If you've ever been to St. Louis, you probably know about The Hill neighborhood. It has strong ties to the Italian-American community and is the place to go for the best Italian food. Having been in operation in one form or another for decades, Gioia's Deli is continuing to serve the community in ways that are true to its roots.
Prior to its conversion to a lunch restaurant in 1980, it was a grocery store run by Challie Gioia, who arrived in St. Louis by way of Marcallo, Italy. 99 years later, the deli still serves the same hot salami as Gioia, made from a secret recipe. And it's important to note that the salami is hot in temperature, not in spice.
What makes this worth the trip: This longstanding spot has been diligently committed to serving quality food, and giving back to the community, throughout its many years.
What to try: As you might've guessed, the hot salami is highly recommended. Topped with Provel (a cheese popular with the locals), the sandwich is not only Italian, it's St. Louisan.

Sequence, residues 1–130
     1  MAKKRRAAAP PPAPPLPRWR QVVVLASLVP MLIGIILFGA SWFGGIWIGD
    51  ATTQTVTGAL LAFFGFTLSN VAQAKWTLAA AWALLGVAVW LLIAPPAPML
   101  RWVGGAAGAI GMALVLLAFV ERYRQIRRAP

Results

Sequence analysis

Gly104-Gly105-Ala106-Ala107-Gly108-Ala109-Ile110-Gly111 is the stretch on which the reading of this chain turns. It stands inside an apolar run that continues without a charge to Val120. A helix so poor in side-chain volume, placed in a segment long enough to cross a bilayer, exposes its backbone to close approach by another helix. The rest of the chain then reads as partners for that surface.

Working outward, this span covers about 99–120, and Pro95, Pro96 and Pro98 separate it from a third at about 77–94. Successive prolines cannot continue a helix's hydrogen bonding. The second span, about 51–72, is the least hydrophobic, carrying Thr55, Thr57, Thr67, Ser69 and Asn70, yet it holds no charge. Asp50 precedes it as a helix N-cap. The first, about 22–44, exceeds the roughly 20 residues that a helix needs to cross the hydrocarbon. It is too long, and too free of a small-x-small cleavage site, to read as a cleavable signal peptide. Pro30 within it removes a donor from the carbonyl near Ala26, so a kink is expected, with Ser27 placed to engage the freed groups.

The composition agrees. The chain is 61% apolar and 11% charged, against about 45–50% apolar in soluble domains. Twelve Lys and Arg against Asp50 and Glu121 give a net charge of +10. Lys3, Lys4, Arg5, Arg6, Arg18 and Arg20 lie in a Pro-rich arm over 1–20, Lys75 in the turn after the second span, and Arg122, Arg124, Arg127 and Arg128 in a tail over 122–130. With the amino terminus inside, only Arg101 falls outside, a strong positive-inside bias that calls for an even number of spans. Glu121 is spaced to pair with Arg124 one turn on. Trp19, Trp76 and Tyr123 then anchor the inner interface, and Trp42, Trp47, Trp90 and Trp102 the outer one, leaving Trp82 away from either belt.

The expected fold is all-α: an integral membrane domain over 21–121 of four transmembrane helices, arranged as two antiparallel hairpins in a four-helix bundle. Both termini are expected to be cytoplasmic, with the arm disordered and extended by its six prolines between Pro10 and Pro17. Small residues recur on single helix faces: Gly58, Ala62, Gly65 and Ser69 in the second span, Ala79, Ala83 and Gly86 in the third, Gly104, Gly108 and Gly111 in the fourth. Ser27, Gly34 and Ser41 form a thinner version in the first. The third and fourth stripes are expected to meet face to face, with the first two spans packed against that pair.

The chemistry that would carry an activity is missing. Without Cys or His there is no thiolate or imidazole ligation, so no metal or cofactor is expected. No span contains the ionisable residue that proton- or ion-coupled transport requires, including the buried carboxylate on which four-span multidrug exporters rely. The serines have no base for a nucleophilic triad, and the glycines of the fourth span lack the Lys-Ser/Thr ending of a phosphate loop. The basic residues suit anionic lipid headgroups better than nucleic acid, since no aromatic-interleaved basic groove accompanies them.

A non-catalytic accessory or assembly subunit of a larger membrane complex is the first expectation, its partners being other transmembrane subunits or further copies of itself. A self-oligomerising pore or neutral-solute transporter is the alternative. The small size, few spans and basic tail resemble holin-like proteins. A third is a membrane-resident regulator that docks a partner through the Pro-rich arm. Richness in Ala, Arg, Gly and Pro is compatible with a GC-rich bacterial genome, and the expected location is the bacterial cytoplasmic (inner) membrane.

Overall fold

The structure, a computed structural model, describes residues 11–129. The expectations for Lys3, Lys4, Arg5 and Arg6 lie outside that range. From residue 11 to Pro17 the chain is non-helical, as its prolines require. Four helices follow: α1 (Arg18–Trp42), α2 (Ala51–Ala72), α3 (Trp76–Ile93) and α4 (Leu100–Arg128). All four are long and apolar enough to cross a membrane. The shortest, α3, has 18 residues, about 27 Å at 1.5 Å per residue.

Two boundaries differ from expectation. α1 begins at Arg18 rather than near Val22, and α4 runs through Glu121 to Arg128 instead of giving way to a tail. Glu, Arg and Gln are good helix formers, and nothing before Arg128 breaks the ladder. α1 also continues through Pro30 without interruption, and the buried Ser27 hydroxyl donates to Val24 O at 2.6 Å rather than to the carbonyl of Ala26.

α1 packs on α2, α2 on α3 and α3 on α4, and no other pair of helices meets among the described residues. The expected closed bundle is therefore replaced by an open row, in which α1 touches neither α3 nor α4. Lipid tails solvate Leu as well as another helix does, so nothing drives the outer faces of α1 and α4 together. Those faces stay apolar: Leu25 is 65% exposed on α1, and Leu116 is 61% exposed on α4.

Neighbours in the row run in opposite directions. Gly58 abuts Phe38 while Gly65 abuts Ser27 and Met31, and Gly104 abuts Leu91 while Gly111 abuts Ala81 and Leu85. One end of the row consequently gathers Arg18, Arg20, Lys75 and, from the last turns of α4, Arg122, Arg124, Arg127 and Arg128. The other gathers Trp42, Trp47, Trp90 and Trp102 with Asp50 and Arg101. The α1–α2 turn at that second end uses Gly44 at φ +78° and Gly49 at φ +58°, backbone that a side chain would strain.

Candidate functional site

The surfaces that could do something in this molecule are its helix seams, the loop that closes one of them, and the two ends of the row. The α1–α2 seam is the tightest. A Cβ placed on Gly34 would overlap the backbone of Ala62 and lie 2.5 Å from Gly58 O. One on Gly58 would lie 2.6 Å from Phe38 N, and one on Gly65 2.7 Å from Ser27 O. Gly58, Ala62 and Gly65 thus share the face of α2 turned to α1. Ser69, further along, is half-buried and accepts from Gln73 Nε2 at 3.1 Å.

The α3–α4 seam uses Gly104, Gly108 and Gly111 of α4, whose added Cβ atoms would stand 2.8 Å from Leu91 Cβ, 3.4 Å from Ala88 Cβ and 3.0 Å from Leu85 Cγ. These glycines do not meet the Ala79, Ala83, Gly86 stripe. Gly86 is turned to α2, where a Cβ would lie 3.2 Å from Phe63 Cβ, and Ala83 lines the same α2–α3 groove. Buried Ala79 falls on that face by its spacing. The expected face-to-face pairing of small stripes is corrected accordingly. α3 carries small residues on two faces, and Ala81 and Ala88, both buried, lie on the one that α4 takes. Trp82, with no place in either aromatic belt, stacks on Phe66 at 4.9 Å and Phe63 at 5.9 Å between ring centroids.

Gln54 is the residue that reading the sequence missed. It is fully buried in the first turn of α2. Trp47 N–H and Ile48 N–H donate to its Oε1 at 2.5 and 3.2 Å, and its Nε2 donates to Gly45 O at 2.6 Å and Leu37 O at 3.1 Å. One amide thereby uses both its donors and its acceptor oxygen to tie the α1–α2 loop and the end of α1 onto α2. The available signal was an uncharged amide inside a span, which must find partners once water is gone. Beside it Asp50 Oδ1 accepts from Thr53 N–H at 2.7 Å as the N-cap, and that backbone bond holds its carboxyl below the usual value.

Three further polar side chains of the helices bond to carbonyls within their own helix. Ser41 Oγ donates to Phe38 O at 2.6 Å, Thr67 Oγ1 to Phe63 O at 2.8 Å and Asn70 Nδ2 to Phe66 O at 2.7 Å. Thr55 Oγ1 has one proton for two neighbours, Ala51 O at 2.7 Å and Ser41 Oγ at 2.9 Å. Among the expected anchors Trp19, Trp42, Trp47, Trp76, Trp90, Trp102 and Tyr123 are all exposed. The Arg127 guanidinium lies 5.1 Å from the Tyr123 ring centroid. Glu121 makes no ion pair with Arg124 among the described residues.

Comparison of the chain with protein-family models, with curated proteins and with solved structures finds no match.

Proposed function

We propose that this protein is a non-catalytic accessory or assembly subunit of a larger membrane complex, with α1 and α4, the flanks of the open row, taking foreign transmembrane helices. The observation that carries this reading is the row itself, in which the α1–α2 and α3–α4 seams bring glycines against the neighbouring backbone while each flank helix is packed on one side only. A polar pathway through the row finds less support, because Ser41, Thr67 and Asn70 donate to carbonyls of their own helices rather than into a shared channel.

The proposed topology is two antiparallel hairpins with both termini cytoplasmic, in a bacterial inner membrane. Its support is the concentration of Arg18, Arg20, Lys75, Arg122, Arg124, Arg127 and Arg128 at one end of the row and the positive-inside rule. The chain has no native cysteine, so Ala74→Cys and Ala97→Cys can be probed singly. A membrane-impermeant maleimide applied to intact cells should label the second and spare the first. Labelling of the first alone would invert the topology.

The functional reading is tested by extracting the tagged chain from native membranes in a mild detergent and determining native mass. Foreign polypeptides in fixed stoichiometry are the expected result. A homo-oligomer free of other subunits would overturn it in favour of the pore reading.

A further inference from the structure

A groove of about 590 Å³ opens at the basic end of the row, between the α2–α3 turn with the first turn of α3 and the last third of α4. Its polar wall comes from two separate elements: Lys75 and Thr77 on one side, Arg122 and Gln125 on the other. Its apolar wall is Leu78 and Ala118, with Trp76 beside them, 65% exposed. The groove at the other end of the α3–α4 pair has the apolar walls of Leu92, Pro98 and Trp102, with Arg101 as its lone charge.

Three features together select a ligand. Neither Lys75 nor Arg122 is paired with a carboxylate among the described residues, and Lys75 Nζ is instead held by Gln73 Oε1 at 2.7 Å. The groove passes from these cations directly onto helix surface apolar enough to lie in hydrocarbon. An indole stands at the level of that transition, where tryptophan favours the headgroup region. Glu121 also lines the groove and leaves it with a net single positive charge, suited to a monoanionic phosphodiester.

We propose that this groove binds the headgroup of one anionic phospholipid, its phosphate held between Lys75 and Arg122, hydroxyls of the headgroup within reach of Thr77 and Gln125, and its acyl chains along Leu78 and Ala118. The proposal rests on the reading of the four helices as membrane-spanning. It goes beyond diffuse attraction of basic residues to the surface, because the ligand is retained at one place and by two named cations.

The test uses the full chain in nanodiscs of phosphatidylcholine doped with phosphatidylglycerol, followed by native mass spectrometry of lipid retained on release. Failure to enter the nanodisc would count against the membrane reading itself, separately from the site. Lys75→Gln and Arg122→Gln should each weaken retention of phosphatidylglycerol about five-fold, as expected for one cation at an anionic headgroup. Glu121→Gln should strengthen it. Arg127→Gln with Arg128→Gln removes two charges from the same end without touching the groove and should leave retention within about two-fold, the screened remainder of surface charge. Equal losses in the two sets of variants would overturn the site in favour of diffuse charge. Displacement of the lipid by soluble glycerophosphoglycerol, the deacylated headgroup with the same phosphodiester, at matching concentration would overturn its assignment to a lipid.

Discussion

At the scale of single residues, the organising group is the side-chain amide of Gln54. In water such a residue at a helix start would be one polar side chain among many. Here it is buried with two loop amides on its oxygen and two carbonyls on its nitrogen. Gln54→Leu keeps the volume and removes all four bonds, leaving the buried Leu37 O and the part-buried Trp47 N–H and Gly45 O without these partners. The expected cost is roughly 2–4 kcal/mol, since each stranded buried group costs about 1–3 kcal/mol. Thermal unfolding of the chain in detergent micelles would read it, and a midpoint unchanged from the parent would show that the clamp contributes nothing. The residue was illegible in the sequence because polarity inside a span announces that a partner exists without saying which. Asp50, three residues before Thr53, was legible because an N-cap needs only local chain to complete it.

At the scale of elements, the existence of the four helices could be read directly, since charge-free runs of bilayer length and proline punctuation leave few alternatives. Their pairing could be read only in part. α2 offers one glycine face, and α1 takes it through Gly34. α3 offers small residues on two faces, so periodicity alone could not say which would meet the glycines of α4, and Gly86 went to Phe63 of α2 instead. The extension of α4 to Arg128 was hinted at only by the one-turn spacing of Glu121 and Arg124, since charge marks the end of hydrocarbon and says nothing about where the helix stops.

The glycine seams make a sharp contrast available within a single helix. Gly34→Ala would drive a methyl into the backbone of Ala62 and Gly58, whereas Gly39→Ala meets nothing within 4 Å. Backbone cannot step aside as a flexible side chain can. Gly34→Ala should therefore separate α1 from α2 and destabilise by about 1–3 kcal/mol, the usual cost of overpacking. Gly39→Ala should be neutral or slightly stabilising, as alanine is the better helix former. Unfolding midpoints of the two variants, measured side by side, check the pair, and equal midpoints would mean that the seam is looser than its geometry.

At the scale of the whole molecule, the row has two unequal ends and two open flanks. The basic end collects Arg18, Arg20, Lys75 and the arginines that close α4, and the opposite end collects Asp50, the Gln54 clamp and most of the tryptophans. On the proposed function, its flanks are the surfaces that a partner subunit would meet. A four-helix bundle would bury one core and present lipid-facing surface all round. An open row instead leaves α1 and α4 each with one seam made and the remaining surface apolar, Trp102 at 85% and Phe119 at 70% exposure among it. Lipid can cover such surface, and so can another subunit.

La Taqueria | San Francisco
If you crave Mexican food in San Francisco, there's only one place to go: the Mission district. Taqueria after taqueria offer their unique takes on burritos, and it's hotly contested among aficionados which eatery has the best one. That brings us to La Taqueria.
Like a beacon in a sea of options, La Taqueria has stood tall offering quality burritos, the origins of which cannot be traced to any specific regional style in Mexico. The owner, Miguel Jara, is from Jalisco but spent his formative years in Tijuana. He's made his own way and style in the world of burritos, eschewing rice in favor of more meat, because the meat is just that good. The long lines that form daily, and weave out the door, prove it.
What makes it worth the trip: You'll be sampling a burrito that was famous before the phrase "mission-style burrito" even existed. Plus, Jara is so welcoming and friendly that you'll feel like a regular.
What to try: You've got to get the carne asada burrito, and try to sample the chorizo too.
Sahadi's | Brooklyn, N.Y.